Mistakes happen. At some time or other, being human, we may commit a blunder. The question is how to respond after it occurs. Here are some tips.

1. Determine the severity of the mistake

Try to figure out what the impact of your mistake is going to be, the consequences, both direct and indirect. This will help you to determine what you need to do to fix the situation. It will also show your supervisor your dedication to fixing the problem.

One example of a broader impact stemming from a mistake could be negative press or a negative reaction to the company because of it. Something like this might result from an email mistakenly sent to a whole group of people rather than just the one person it was intended for.

2. Talk to your supervisor right away

Talk to your supervisor privately. Stay calm. The only way to confront the situation is by thinking clearly and deliberately.

Explain exactly what happened—what the mistake was—and who might be affected by it.

Let your boss know that the situation needs immediate attention, and also let him know if there is anything that needs to be done right away to prevent any further problems.

3. Take responsibility

Admit that you made an error. Trying to shift the blame, downplay it, or be defensive about it will only make matters worse and will probably make your boss think less of you.

Apologize. Don’t make excuses. Let your supervisor know you will take whatever action is needed to try and correct the problem.

4. Take the lead in fixing the mistake

Since you made the mistake, it is your responsibility to do whatever you can to make it right.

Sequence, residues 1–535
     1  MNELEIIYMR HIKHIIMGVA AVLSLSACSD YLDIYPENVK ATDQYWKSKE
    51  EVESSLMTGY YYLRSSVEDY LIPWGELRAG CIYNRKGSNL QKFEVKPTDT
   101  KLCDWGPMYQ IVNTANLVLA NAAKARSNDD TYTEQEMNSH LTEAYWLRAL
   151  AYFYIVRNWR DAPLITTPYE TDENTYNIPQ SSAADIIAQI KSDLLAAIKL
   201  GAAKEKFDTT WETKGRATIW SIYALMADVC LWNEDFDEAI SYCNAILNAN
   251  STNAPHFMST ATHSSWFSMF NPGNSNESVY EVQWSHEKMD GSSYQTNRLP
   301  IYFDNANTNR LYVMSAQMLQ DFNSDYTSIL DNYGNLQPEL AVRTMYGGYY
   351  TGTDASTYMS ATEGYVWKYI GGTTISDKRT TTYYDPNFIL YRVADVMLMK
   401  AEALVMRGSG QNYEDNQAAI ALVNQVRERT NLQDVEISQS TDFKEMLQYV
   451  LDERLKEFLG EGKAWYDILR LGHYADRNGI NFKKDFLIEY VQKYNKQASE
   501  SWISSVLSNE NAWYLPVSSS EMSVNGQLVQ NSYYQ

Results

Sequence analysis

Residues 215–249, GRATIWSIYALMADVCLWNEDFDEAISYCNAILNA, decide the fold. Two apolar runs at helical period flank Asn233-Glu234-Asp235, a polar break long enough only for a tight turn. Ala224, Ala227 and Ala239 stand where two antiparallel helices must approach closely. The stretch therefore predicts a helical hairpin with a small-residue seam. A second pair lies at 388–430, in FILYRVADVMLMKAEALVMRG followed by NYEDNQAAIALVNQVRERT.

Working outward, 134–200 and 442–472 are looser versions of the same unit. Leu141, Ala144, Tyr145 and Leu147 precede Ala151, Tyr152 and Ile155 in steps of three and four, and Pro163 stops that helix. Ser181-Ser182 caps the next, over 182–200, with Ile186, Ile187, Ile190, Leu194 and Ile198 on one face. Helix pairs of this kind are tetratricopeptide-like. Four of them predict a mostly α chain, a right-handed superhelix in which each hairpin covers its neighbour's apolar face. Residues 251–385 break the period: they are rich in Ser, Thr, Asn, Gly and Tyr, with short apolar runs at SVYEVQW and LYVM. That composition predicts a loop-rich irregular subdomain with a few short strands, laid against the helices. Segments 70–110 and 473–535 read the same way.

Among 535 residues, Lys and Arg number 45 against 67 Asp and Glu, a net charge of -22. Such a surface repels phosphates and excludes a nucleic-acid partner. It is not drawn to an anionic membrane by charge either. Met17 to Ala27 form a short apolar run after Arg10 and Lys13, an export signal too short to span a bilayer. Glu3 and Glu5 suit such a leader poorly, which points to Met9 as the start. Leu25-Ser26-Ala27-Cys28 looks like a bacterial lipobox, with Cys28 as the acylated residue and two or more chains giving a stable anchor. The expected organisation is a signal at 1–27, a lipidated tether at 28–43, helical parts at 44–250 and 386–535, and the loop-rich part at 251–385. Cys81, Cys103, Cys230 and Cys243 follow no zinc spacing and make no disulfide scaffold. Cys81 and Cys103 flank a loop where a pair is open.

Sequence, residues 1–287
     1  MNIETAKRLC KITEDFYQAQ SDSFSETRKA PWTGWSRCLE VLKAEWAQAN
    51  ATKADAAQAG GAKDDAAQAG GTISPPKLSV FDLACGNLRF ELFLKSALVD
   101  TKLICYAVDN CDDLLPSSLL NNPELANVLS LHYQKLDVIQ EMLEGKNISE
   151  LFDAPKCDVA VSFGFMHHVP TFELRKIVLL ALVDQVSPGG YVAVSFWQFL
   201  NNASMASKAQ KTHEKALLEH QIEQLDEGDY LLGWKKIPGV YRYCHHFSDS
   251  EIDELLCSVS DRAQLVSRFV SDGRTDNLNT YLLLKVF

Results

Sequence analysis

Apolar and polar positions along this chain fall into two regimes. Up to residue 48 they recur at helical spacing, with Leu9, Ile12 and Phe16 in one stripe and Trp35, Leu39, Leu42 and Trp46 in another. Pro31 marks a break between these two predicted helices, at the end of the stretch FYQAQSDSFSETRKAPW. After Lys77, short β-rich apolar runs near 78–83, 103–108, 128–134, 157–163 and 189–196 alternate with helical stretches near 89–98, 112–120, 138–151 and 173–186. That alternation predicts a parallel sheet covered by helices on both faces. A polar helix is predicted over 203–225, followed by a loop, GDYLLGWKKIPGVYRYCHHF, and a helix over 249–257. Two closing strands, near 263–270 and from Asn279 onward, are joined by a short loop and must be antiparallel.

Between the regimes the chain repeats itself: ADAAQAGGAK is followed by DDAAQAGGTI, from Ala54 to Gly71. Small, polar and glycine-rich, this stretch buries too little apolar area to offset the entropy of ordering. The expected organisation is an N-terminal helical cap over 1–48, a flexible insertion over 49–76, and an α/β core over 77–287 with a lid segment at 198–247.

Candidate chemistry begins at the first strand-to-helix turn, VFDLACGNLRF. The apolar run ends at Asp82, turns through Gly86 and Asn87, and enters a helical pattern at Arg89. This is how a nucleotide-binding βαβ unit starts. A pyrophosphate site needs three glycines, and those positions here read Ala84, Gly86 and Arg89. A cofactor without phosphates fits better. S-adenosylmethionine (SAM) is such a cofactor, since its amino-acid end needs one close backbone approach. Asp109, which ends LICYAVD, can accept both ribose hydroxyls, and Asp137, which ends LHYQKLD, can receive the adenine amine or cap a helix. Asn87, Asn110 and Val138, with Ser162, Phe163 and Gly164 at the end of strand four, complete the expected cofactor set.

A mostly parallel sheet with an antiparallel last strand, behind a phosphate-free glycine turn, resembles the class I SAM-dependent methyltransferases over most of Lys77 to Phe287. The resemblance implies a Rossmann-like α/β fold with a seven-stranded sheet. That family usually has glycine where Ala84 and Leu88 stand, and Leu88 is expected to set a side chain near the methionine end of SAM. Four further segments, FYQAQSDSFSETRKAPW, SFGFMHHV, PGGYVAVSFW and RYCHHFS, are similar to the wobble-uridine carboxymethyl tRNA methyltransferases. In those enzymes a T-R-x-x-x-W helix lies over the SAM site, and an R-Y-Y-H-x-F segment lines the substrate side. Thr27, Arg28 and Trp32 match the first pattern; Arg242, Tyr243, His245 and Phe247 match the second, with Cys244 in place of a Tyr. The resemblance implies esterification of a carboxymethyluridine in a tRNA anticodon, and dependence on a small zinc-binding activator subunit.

Put together a plan in consultation with your supervisor. Ask your supervisor for guidance in how to handle the problem. Be open to constructive criticism and to recommendations for handling the problem. You not only need to fix the error, but take steps to ensure that it doesn’t happen again.

You also need to work to rebuild trust with your supervisor. To do this you have to go above and beyond what is required, to show you’re willing to do whatever it takes to get the job done. This may mean working overtime or taking on extra work.

5. Record what you’ve learned

Document the lessons you’ve learned from the incident. You have to show your supervisor that you are trying to improve by examining what happened and what you learned from it.

At Winston Resources, we care about our job candidates, our results and our relationships. We take the time to get to know each one of our candidates, enabling us to make better matches with employers. We treat our people with respect, and establish long-term relationships. Give us a call today to see what we can do for you.

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